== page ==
A proposed settlement between Google and book publishers and authors will give huge new advantages to students, minorities and disabled people, supporters said Thursday.
The settlement, which would allow Google to digitize and sell millions of books, will allow students to access the world's great books without traveling to a few select libraries, said Gregory Cendana, president of the United States Student Association, speaking during a press conference.
"Today, millions of books are accessible only to the privileged few who are accepted to universities and can actually afford to attend," Cendana said. "With Google Books, any student anywhere in the U.S. will have the books in the greatest libraries of the world at their fingertips. The United States Student Association believes that education is a right, and should be accessible for any student regardless of their socioeconomic background and identity."
With a deadline for filing comments on the proposed settlement coming Tuesday, several groups talked about their support for the Google Books settlement. Among the groups participating in the press conference were the American Association of People with Disabilities, the Computer and Communications Industry Association, the League of United Latin American Citizens, the National Federation of the Blind and the Leadership Conference on Civil Rights.
Many of the groups repeated their earlier support for the book deal, even as opponents of the settlement also voiced their concerns. On Wednesday, Amazon.com, a competitor of Google's in the digital books market, filed a court brief opposing the settlement.
The proposed agreement "creates a cartel of authors and publishers ... operating with virtually no restrictions on its actions, with the potential to raise book prices and reduce output to the detriment of consumers and new authors or publishers who would compete with the cartel members," Amazon said in the complaint.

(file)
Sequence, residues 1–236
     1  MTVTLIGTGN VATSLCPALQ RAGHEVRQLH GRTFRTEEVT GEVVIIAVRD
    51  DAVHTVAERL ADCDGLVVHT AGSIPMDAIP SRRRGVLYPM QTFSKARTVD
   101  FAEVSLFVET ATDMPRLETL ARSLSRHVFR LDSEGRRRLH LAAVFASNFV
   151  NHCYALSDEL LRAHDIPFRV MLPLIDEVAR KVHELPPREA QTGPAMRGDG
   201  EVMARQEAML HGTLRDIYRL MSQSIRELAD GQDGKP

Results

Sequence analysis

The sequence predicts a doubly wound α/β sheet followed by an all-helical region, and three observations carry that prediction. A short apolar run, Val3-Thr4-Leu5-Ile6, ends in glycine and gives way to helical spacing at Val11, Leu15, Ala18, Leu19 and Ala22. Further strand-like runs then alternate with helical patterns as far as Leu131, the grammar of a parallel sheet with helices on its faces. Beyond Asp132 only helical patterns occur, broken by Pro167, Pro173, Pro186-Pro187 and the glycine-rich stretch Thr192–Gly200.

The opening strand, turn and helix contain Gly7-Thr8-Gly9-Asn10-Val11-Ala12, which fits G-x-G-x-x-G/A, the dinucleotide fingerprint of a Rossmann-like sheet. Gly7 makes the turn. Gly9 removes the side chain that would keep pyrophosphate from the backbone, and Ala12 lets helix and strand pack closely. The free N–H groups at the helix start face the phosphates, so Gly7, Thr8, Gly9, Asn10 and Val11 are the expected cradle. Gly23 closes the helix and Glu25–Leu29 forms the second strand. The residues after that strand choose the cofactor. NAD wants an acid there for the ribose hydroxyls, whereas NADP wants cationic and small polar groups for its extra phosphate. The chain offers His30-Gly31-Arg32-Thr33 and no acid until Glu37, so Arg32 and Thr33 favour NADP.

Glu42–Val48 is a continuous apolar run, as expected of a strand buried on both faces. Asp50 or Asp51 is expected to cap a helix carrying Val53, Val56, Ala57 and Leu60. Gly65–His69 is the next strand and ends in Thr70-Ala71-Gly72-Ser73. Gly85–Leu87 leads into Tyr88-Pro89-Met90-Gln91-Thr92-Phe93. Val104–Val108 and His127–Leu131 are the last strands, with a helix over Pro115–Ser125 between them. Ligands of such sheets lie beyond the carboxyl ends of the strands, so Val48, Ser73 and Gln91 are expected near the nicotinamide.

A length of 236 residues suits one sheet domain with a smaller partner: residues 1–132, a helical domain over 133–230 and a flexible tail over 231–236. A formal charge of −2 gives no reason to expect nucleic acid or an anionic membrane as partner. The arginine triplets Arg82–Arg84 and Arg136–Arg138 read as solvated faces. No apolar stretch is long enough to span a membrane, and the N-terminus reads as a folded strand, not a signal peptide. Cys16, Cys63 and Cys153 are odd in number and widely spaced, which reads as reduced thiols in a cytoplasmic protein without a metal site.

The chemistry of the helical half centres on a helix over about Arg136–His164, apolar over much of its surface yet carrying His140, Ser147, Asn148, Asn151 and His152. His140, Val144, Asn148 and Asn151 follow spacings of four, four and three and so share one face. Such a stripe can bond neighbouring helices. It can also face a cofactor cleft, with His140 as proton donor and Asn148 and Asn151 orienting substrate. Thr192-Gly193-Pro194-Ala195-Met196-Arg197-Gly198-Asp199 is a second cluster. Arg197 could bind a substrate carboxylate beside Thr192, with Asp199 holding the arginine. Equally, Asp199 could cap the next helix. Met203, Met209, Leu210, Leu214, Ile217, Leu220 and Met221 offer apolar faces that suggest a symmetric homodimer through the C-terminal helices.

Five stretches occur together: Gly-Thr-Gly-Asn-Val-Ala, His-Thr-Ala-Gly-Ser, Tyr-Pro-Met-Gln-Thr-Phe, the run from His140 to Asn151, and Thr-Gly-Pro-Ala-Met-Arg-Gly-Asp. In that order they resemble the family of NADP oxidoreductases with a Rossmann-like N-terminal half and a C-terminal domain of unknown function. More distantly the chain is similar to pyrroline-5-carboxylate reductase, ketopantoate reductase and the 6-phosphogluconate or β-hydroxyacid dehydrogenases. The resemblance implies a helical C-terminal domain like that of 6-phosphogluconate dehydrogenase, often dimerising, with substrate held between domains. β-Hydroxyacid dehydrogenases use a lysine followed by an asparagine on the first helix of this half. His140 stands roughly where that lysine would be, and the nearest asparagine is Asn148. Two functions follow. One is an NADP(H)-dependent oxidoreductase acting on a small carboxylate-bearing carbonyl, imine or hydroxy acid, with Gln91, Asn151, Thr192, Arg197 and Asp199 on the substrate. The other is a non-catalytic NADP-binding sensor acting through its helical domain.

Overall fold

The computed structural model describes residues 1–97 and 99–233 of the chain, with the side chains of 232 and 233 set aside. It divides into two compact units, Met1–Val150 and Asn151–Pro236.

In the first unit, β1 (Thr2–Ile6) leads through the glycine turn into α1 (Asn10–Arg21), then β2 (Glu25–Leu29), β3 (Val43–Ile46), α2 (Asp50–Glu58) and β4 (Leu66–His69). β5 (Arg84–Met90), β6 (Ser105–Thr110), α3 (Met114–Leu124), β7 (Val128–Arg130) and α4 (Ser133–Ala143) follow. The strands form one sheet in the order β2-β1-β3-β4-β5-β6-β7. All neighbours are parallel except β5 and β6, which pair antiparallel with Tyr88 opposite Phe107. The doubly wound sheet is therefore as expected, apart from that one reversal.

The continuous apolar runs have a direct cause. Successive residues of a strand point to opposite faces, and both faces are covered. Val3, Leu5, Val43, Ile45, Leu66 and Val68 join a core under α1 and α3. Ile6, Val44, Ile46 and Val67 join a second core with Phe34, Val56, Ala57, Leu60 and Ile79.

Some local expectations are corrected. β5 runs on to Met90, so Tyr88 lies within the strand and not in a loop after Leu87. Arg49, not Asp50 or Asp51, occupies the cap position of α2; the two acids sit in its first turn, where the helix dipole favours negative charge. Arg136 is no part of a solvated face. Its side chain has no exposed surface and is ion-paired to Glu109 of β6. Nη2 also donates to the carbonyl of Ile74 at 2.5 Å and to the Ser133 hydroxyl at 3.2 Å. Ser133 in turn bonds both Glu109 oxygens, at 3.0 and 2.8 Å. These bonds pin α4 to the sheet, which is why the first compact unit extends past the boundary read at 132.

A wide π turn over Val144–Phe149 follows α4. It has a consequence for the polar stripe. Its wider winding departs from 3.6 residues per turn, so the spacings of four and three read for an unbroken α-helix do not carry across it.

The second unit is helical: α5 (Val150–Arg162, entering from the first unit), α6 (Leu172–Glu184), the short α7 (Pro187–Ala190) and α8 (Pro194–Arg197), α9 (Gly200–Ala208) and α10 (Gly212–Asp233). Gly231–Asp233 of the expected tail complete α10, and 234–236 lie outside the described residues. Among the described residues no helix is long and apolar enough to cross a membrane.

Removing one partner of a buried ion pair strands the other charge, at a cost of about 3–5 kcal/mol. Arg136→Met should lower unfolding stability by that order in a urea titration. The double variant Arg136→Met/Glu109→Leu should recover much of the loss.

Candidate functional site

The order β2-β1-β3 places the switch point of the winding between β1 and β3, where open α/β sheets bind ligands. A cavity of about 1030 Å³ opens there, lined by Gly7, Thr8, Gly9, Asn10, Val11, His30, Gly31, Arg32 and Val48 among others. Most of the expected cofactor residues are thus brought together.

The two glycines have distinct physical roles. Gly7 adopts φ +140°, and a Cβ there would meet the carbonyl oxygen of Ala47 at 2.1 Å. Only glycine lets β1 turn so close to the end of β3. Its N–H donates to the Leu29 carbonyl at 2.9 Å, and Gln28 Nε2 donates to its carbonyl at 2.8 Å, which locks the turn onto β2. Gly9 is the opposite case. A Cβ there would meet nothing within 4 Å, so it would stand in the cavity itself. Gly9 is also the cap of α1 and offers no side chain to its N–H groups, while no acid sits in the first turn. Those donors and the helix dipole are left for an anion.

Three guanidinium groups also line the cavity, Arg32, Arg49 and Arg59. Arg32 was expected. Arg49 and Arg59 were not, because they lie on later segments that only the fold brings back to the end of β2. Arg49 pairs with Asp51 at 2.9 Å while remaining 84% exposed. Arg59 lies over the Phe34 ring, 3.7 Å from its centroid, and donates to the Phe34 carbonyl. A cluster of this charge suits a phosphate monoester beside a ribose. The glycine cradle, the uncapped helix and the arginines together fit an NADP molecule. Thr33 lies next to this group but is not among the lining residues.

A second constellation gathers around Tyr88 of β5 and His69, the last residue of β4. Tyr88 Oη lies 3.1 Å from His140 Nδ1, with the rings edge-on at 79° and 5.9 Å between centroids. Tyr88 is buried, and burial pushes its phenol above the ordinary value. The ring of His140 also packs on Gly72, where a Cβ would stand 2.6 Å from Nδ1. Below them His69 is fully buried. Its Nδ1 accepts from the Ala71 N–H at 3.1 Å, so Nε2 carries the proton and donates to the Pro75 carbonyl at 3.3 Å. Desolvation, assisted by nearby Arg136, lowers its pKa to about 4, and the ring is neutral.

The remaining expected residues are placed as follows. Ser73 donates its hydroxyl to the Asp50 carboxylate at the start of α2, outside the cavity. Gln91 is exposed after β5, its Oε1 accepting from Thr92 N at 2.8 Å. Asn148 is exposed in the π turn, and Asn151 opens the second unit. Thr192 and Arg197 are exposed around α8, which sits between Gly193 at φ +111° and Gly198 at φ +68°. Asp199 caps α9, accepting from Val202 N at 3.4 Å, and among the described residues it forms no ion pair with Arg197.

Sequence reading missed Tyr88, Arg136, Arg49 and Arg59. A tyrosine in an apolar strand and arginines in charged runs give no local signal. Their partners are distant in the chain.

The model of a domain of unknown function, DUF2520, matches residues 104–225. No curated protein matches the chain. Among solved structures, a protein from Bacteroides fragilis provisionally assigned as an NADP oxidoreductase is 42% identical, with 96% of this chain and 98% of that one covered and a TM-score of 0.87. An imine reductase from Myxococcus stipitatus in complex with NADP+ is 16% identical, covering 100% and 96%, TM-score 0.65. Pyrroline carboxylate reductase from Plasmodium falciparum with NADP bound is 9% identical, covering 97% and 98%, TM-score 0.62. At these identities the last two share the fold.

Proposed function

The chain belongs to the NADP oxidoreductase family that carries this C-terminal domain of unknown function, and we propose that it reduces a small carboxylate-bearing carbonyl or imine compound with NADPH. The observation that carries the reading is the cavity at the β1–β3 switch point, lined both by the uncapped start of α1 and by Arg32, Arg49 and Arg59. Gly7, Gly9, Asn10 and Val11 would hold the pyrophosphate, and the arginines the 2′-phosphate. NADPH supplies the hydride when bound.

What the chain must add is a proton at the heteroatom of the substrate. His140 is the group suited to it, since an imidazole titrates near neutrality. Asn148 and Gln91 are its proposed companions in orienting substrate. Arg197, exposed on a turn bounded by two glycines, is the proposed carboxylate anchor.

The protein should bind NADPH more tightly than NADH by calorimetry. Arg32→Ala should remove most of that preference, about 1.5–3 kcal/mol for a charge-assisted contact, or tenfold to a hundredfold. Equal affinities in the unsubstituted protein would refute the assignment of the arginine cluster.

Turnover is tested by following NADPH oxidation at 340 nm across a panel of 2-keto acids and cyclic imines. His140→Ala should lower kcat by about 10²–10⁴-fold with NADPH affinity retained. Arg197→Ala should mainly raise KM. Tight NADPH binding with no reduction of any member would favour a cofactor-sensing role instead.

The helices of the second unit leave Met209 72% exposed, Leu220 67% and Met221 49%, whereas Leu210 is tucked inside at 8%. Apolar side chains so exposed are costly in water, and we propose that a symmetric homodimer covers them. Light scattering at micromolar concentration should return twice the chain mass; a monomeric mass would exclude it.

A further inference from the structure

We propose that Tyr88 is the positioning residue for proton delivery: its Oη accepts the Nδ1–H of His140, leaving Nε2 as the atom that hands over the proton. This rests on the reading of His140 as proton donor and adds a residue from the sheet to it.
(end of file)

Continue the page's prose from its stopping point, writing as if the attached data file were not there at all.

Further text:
Microsoft and Yahoo have also opposed the deal, and the German government filed objections this week, saying the settlement could take away rights of German authors.
Privacy groups, including the Electronic Frontier Foundation, have also raised concerns that Google will build a huge database of information about what its customers read. EFF wants Google to ensure against government snooping into the book records and to track book records for less than 30 days.
But Andrew Imparato, president and CEO of the American Association of People with Disabilities, said the Google Books service would not only open up a huge number of new books to the blind, but also provide inexpensive books to low-income people and people who have problems with mobility.
People with disabilities are "disproportionately a low-income population," Imparato said. "The fact that people can go online and get access to books and not have to deal with transportation and not have to get to a library ... or a book store is a huge benefit for people with disabilities."
Google's digitized book service will tear down barriers for people living in low-income areas, added Wade Henderson, president and CEO of the Leadership Conference on Civil Rights. "We see access to knowledge as a civil right," he said. "Information enables individuals to learn, to create and to pursue their dreams. Access to knowledge defines the meaning of equal opportunity in a democratic society."
The deadline for filing comments on the proposed settlement with the U.S. District Court for the Southern District of New York is Tuesday at 10 a.m. EDT. The deadline for authors to object is Friday, and a court hearing on the settlement is scheduled for Oct. 7.